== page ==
SWISS MULTINATIONAL TAKES CASE TO COURT OF APPEAL

Nestlé fights UK High Court Nespresso patent ruling

By Ben BOUCKLEY contact

- Last updated on GMT

Mr Justice Arnold in the UK High Court ruled that Nespresso machine buyers were 'licensees'... (Picture Credit: Nick Harris/Flickr)
Mr Justice Arnold in the UK High Court ruled that Nespresso machine buyers were 'licensees'... (Picture Credit: Nick Harris/Flickr)

Related tags: Patent

Nestlé says it will fight a UK High Court ruling in favor of smaller rival Dualit that one lawyer says is an 'open door' for copycat manufacturers of Nespresso compatible coffee pods.

Nestlé's Nespresso capsules were protected directly under Nestec Europe patent 0512148 that expired in May 2011, which meant the firm had to file an infringement action on the basis of a later patent, which the April 22 UK ruling relates to.

Yet this only protects the dispensing capsule device that includes the coffee capsule, which meant that Nestec had to allege an indirect patent infringement.

Nestlé takes case to Court of Appeal

Diane Duperret, corporate PR manager at Nestle Nespresso, said the company was disappointed with the High Court judgement, where the judge rejected its claim that Dualit's (the firm manufacturers kitchen and catering equipment as well as pods) marketing of its capsules infringed S60(2) of Nestec's patent, under the 1977 Patents Act.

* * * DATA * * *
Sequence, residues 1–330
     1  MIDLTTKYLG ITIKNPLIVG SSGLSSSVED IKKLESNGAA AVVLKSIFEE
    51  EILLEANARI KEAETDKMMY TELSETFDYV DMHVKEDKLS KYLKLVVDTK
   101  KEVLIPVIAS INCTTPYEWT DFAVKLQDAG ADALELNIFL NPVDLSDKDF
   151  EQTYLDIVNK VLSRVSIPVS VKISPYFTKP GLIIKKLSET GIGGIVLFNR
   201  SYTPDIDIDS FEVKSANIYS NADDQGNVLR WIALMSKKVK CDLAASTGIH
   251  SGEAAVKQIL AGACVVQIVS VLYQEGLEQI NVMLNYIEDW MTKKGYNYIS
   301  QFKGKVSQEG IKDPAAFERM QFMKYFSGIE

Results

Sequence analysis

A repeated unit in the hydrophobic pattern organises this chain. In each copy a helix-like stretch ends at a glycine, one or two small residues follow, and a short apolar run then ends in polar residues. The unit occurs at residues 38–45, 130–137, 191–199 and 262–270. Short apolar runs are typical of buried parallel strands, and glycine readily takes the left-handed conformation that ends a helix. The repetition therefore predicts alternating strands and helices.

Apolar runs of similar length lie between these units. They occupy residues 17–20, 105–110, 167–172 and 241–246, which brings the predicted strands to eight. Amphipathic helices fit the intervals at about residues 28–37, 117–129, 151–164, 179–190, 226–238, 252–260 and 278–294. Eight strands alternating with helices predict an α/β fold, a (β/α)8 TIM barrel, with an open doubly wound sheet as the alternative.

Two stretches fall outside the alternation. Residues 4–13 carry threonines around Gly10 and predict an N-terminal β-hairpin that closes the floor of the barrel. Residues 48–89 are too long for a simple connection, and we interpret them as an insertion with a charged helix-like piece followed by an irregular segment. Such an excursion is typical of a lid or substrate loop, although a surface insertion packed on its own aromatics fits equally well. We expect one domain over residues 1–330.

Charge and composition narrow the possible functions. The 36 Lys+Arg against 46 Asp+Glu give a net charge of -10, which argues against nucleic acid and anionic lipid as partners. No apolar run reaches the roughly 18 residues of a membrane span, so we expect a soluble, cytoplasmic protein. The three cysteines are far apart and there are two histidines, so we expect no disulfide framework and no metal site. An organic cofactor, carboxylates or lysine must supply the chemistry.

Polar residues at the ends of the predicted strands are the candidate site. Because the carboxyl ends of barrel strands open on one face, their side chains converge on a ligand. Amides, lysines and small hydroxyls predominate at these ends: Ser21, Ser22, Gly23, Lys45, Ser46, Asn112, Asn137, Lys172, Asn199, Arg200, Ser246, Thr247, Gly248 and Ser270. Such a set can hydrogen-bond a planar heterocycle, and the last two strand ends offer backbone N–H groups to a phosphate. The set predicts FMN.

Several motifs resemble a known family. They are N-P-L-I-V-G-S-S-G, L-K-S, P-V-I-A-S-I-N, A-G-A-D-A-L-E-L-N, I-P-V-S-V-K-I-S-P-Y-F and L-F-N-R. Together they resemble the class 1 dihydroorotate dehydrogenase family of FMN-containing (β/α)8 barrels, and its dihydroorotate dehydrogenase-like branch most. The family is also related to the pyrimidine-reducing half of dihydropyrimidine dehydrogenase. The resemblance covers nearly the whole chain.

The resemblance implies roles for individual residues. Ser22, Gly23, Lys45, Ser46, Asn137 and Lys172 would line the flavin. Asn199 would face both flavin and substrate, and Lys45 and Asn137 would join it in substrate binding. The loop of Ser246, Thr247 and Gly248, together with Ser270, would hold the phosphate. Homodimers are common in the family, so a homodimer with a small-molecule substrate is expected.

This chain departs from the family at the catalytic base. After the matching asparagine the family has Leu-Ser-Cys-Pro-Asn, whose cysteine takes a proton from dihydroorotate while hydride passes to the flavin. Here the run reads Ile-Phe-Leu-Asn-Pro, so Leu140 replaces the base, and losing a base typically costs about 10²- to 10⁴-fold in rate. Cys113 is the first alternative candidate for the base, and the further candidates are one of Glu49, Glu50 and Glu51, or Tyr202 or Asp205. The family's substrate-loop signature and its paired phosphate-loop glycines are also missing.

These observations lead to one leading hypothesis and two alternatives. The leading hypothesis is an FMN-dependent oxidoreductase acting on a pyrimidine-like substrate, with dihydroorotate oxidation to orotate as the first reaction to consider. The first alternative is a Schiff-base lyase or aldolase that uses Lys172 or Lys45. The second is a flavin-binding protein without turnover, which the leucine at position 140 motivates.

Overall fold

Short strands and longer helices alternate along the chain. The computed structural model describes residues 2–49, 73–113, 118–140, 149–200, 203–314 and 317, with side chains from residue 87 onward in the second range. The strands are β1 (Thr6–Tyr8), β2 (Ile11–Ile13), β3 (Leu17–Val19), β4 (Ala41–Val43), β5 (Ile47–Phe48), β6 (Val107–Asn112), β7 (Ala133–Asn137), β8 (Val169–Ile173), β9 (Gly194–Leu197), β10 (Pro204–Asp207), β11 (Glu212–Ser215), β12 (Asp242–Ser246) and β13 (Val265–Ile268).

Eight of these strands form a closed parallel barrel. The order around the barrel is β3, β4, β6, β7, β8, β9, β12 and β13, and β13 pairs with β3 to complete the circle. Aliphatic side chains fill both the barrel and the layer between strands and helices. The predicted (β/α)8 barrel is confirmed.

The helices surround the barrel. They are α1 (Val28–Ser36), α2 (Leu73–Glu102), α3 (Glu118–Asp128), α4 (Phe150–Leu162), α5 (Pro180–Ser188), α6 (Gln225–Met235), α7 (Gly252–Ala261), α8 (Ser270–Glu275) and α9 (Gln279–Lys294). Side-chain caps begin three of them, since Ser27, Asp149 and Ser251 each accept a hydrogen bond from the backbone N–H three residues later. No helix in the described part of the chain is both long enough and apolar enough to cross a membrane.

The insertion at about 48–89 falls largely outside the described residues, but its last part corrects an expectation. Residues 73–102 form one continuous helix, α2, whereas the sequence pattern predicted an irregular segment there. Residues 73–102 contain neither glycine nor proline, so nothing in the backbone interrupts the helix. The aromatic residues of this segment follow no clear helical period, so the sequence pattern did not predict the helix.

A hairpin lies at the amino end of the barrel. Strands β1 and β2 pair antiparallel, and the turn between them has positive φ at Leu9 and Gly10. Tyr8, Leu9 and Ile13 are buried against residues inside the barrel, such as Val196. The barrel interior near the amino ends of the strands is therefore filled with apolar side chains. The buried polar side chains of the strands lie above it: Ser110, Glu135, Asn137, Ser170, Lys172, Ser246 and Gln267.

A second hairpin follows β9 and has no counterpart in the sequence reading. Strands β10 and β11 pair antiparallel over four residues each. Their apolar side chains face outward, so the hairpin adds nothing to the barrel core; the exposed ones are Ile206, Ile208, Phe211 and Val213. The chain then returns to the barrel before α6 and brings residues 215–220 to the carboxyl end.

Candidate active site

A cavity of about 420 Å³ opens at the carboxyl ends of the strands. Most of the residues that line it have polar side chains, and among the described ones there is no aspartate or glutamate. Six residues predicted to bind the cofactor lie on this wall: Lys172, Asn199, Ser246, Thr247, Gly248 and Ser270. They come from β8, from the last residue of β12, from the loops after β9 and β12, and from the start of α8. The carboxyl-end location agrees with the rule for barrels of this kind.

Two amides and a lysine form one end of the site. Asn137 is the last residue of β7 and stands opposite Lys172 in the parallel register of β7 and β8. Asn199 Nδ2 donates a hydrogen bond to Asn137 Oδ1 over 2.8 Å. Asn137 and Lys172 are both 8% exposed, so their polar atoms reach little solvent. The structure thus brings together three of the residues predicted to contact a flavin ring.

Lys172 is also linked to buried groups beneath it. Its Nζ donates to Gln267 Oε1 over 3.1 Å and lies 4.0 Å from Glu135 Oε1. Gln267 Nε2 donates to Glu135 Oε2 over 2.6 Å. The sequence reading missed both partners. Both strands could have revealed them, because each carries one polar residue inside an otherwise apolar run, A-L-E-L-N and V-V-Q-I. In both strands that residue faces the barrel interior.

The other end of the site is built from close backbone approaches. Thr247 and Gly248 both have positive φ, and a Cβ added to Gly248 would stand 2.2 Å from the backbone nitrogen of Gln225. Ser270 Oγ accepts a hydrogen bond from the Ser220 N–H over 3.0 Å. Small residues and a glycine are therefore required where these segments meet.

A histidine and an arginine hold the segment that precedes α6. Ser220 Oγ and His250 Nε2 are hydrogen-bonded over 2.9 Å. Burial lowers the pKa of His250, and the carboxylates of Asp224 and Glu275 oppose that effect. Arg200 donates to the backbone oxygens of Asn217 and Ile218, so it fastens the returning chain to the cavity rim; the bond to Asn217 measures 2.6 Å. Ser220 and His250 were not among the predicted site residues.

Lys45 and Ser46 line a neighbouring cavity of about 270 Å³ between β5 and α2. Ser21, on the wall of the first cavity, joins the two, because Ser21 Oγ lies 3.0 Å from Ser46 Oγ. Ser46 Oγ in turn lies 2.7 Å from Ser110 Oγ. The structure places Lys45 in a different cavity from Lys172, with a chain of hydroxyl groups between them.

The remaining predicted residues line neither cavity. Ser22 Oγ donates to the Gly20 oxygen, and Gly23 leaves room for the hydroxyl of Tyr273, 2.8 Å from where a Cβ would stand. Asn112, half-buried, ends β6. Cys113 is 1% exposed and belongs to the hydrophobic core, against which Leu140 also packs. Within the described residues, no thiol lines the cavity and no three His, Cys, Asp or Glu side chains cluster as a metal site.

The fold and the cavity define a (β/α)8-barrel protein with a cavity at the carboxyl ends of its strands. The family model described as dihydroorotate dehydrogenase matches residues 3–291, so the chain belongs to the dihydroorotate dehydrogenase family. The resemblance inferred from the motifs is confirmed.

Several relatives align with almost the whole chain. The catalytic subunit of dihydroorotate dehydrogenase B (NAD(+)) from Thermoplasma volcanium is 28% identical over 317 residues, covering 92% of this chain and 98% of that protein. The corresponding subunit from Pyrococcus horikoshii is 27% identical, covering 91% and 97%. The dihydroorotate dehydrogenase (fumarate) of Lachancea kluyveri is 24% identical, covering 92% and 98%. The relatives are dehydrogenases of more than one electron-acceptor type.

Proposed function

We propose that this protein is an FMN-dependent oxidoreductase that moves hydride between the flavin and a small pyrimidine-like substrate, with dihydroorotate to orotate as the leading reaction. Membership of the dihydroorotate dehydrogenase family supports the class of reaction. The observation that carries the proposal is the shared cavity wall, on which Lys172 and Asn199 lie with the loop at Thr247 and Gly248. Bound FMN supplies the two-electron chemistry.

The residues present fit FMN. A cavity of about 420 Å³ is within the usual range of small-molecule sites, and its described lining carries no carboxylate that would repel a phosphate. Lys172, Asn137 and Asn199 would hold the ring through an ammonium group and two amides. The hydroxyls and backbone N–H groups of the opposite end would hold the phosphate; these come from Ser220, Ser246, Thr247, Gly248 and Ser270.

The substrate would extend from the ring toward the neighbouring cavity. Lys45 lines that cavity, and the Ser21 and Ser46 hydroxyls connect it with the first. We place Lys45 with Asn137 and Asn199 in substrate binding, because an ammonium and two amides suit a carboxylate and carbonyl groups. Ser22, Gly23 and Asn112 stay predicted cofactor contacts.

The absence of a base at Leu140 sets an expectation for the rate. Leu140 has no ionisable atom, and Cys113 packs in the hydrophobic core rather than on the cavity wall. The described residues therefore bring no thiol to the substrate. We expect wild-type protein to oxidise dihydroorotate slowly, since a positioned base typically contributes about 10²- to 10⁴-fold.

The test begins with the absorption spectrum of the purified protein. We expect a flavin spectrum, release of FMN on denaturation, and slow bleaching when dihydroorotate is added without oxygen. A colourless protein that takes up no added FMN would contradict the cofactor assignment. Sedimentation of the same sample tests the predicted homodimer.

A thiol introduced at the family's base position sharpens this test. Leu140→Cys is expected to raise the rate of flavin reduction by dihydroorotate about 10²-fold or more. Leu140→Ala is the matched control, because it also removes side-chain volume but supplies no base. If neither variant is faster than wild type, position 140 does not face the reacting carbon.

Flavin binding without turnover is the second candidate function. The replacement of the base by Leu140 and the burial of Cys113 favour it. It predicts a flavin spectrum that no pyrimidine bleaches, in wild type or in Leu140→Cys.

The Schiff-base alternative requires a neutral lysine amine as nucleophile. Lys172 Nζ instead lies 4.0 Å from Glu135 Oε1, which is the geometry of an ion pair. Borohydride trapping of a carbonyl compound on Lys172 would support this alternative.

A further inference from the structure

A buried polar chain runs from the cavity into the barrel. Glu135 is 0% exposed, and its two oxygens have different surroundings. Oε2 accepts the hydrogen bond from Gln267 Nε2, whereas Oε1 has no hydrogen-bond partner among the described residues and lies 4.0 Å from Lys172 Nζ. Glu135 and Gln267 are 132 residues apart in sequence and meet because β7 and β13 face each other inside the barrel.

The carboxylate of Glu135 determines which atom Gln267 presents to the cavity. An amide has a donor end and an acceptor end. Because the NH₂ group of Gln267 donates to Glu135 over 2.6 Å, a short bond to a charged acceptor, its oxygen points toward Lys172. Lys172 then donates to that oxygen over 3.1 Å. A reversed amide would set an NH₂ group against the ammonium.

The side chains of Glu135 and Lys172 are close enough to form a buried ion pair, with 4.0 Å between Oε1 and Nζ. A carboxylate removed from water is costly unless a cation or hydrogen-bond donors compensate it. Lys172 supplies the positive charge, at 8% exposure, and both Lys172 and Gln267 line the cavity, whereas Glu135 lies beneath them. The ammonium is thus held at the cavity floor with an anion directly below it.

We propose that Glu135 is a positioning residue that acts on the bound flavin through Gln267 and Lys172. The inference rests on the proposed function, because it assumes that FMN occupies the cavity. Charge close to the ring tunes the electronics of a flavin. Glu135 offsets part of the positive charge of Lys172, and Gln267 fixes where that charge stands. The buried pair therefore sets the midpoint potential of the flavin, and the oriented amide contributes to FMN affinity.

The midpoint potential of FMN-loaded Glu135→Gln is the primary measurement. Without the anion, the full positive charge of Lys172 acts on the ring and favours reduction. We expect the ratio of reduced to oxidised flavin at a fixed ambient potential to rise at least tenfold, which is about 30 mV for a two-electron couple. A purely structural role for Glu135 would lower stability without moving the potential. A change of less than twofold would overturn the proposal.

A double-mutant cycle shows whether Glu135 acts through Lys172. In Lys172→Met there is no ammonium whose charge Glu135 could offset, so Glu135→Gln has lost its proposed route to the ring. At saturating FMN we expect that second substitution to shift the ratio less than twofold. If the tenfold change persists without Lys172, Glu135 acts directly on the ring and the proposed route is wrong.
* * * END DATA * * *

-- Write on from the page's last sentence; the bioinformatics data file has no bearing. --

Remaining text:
"We believe the decision is inconsistent with the ruling by the European Patent Office in April 2012, confirming the validity of a key patent for the Nespresso system and have appealed the decision to the Court of Appeal,"​ Duperret told BeverageDaily.com.

She added: "The protection of our intellectual property is an important component of our business strategy. However, our success will continue to be driven by our ability to exceed consumer expectations by delivering products and services of exceptional quality."

The 1977 act, S60(2) says a UK patent is infringed by anyone who supplies or offers to supply to a person other than the licensee or other person entitled to work with the invention with any of the means relating to an essential element of it for putting it into effect.

Decision opens copycat door?

Sir Richard David Arnold (Justice Arnold) the High Court judge, said there were insufficient elements to assess such an infringement, adding that Nespresso machine buyers were 'licensees'.

"Nestec have exhausted their rights under the patent to restrict purchasers' freedom to use such machine in accordance with their normal function. Their normal function is to make coffee from capsules,"​ Arnold ruled.

Madrid-based intellectual property lawyer Patricia Revuelta Martos wrote of Arnold's ruling on the website Lexology: "The decision is an open door for all manufacturers and distributors of coffee capsules compatible with the Nespresso machine."

Neil Thomson and William Burrell, trademark and patent attorneys at Boult Wade Tennant, agreed, stating that holders of any UK patent relating to a device and relevant consumables would now find it hard to stop third parties selling alternative consumables under S60(2).

"The reason for this is because such third-party manufacturers will most likely claim that they are supplying their alternative consumable product to licensees of the claimed invention, rendering any attack under S60(2) moot,"​ the London-based lawyers added.

However, it remains to be seen whether the Court of Appeal will agree with the legal precedent said by Arnold's ruling.

Related topics: Policy, Fruit, vegetable, nut ingredients

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